John E. Downs

Writer

John E. "Jack" Downs, 90, a freelance writer and public relations specialist in Washington since the 1960s, died of complications from a neurological ailment Nov. 27 at his home in Washington.

Mr. Downs, an Indiana native, was a journalism graduate of Northwestern University.

He served in the Army in North Africa and Europe during World War II and participated in the Battle of the Bulge. He also wrote freelance battlefield reports for Stars and Stripes.

In the 1940s and 1950s, he wrote a column for the Chicago American and was a reporter at the Chicago Tribune.

Mr. Downs, who frequently judged dog and horse shows, wrote on the subjects for publications that included The Washington Post, the Washington Star, Field & Stream and Chesapeake Bay Magazine.

In the 1970s, he was a public relations consultant to the National Park Service. He later formed a public relations firm, Downs & Co.

He had lived in Washington since the 1960s and kept a residence in Warren County, Va.

Survivors include his wife of 42 years, Maria Downs of Washington.

Robert N. Zaza

Metro Police Official

Robert N. Zaza, 70, a retired deputy chief of the Metro Transit Police and a former Army criminal investigator, died Nov. 14 at Walter Reed Army Medical Center after a heart attack.

Mr. Zaza retired from the Army in 1974 as a chief warrant officer, then joined Metro's police force as a captain of detectives. He retired in 1996 as one of three deputy chiefs.

He was a resident of Waldorf. He was born in New York and began his Army career in 1947.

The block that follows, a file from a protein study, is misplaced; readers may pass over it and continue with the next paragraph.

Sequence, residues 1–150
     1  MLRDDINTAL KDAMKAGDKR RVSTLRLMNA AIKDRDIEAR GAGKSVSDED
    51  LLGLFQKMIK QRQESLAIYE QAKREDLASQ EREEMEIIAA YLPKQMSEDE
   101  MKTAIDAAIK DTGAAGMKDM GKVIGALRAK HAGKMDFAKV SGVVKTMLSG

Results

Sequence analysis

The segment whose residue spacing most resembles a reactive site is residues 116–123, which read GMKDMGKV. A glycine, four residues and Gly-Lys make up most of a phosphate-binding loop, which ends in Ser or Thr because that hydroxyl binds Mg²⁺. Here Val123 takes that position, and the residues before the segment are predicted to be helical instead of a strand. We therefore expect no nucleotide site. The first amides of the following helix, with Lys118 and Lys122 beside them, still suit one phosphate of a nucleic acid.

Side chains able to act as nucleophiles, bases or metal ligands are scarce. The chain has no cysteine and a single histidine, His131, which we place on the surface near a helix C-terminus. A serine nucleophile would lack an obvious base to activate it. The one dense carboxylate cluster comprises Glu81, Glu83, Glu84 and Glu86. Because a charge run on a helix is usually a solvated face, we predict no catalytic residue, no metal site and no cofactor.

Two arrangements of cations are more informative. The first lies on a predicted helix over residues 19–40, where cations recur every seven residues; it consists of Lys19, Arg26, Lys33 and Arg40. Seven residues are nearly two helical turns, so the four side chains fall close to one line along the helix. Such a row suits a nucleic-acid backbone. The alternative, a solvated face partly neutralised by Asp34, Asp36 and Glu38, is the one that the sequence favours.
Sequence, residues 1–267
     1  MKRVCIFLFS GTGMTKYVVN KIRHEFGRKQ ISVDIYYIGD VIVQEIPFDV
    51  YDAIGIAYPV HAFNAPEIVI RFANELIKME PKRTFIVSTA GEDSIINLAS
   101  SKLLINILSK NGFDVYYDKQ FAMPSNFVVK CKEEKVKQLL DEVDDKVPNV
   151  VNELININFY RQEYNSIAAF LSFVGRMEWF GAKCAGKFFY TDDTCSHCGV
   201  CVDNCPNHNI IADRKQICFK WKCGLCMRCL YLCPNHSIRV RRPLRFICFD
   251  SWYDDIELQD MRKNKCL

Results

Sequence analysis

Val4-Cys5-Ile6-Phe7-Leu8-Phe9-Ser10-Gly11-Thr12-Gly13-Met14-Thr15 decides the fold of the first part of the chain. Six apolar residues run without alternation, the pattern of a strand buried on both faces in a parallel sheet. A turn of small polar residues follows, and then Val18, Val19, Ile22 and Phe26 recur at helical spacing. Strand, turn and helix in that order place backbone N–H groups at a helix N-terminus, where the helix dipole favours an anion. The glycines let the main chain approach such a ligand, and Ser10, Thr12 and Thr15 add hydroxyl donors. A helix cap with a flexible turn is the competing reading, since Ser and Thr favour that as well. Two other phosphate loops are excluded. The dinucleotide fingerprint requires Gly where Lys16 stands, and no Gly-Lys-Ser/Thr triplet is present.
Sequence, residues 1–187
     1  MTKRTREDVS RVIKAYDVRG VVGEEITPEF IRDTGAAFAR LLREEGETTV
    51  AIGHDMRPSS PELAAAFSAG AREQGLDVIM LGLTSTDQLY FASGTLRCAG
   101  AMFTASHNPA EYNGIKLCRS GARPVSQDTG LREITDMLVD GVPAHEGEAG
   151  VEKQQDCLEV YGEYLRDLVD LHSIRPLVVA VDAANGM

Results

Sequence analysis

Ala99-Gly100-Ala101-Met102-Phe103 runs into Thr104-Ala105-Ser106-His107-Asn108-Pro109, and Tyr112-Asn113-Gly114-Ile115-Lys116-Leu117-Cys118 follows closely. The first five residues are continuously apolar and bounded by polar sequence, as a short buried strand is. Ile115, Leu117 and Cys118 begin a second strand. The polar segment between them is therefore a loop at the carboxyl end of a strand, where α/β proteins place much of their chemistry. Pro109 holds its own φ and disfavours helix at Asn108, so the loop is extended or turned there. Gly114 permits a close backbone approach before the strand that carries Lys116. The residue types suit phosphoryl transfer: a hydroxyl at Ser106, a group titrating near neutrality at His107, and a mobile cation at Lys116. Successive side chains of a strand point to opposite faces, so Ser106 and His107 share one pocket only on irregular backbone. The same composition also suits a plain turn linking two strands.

In the Army, he served in Korea and Italy and at posts in the United States.

From 1969 until he retired from military service, he was posted in Washington and at Fort Myer with the Army's Criminal Investigation Division headquarters. His military decorations included a Bronze Star.

His wife of 40 years, Pauline Nadeau Zaza, died in 1994.

Survivors include three children, Catherine M. Trinidad of Mechanicsville, Md., Michael P. Zaza of Worcester, Mass., and David F. Zaza of Amherst, Mass.; a brother, Frank Zaza of Arlington; six grandchildren; and two great-grandchildren.

Dorothy Davis Shames

DIA Employee

Dorothy Davis Shames, 80, who worked for the Defense Intelligence Agency for about 20 years before retiring in the early 1980s as an administrative assistant, died of cancer Dec. 10 at her home in Springfield.

Mrs. Shames, who came to the Washington area in 1958, was born in Evanston, Ill. She attended Ohio State University.

Her husband, Joseph Patrick Shames, died in 1997.

Survivors include a son, Daniel O'Neill Shames of Williamsburg; two daughters, Marilou Shames Giacofci of Haymarket and Virginia L. Shames of Springfield; eight grandchildren; and three great-grandchildren.

Don D. Olmstead

FCC Lawyer

Don D. Olmstead, 72, a lawyer for the Federal Communications Commission from 1960 until retiring in 1985, died of emphysema Dec. 9 at his home in Fairfax County.

He had lived in the Washington area since the 1960s and in Alexandria since 1977.

Mr. Olmstead, a native of Des Moines, received a bachelor's degree and a law degree from the University of Iowa.

He served in the Army in the 1950s.

He was a member of Westwood Country Club and was on a course-ranking panel for Golf Digest magazine.

His marriage to Kathleen Olmstead ended in divorce.

Survivors include two sons, Michael, of Haymarket, and Mark, of Virginia Beach; a sister; a brother; and two grandsons.

Evelyn Gillers

Teacher

Evelyn Gillers, 90, a teacher at Aspen Hill Elementary School in Silver Spring from the 1960s to the 1980s, died of a lung ailment Dec. 5 at Holy Cross Hospital in Silver Spring.

Mrs. Gillers, who had lived in Silver Spring since 1955, was a New York native and a graduate of Hunter College.

Her husband, Benjamin Gillers, whom she married in the 1930s, died in 1977.

Survivors include a son, Jeffrey, of New York; and three granddaughters.